Cons:
- If you need to jump on the (hydraulic) brakes, you also get 'full' regen at the same time by the fact that you've lifted off the accelerator pedal to put your foot on the brakes. With the regen wound up, this pretty much sucks.
- It's hard to coast, small pedal movements means you're constantly transitioning from small amounts of drive to regen and back again = less efficient than rolling.
- The car now drives 'weird' and this potentially means if some random person is driving it, things are not 'normal'. Normal = brake pedal, not accelerator pedal, slows you down.

With a decent motor controller you'll be controlling the motor torque anyway, both in drive and regen, so it's all smooth and well controlled. It's the user interface that presents all the issues.

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Post by Tritium_James »

Richo wrote: Do they handle 100kW+? Image


Yes, but your small lithium pack probably won't! :)

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Post by acmotor »

TJ, you describe very much the behaviour of my AC EV red suzi

I have found 60% regen to be a good number (~40Nm).
The response to operation of accelerator pedal I have found to be acceptable if the slip compensation / speed control gain are reduced so the controller does not try too hard to hold a speed.
Torque mode is quite scary to drive in that with the extremely free coasting of a direct drive induction motor, taking your foot off lacks any engine braking and you get that runaway feeling !

From a safety point of view, the critical half a second or so it takes to remove the foot from the accel and apply to the brake is lost time without regen starting as soon as the foot starts to back off.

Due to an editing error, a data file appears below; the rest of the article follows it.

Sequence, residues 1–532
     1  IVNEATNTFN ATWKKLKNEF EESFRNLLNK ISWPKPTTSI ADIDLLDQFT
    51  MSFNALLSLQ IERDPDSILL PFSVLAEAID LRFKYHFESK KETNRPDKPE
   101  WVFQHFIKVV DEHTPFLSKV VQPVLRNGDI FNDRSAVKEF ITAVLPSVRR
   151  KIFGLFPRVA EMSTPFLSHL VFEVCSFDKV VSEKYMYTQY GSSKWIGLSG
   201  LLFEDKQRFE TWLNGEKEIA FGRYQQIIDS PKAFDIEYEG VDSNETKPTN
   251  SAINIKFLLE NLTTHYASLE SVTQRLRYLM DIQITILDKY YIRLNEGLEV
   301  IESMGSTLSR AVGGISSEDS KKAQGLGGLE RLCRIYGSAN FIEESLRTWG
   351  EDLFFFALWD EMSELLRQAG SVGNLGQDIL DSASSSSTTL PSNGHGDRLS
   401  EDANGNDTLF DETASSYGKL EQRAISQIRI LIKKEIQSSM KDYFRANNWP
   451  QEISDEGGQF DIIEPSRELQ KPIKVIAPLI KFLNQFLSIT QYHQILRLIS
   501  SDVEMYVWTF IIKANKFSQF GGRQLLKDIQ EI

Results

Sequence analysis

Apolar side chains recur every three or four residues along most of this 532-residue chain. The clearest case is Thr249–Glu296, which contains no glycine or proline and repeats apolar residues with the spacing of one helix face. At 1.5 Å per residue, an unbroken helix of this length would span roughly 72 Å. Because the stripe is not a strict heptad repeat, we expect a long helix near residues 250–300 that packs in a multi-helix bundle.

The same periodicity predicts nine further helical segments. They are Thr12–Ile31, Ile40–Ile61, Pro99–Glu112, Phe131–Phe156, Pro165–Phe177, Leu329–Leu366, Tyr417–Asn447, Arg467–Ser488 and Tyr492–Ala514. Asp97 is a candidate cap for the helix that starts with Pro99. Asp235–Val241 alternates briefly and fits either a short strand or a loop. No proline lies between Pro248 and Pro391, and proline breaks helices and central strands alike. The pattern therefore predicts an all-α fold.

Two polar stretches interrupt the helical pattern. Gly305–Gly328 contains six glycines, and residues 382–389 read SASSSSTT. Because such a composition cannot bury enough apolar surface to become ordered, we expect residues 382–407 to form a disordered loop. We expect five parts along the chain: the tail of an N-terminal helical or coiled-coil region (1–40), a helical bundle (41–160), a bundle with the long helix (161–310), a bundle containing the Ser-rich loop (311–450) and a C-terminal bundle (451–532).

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Post by Tritium_James »

acmotor wrote: TJ, you describe very much the behaviour of my AC EV red suzi

I have found 60% regen to be a good number (~40Nm).
The response to operation of accelerator pedal I have found to be acceptable if the slip compensation / speed control gain are reduced so the controller does not try too hard to hold a speed.
Torque mode is quite scary to drive in that with the extremely free coasting of a direct drive induction motor, taking your foot off lacks any engine braking and you get that runaway feeling !

From a safety point of view, the critical half a second or so it takes to remove the foot from the accel and apply to the brake is lost time without regen starting as soon as the foot starts to back off.


I agree with all this. The Porsche pedal controls torque, not speed, but it's hard to actually have it at zero torque, you need finer control over the pedal than is humanly possible. So I haven't experienced what you're talking about with the free 'runaway' effect, but yes I can imagine it might feel weird.

Agreed on the time delay - this is why having regen control on the accel pedal is nice. Like I mentioned, you can drive to work and not have to move your foot off the one pedal.

FYI, in the Porsche, 60% regen is 132Nm at the motor, ~1390Nm at the wheels. :)

The thing we're going to try in the Civic conversion we're working on at the moment is to have mild regen on the accel pedal (similar to engine braking) and have the proper regen controlled by the initial brake pedal travel. This should feel 'normal'.

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Post by juk »

Surely this must upset the brake balance. Is there any adjustment made in the brake bias? How legal is it?


We're lucky we don't get snow here.

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Post by Tritium_James »

Yeah it probably does upset it a little, but the weight distribution in a porsche is already screwed up! The ACP controller is also capable of doing it's own ABS if necessary (although it's not hooked up in this particular car). The donor vehicle does not have ABS, it's an old model vehicle.

Yes, it's legal, and has been tested when it was first registered (in NSW). I don't know what the test involved though.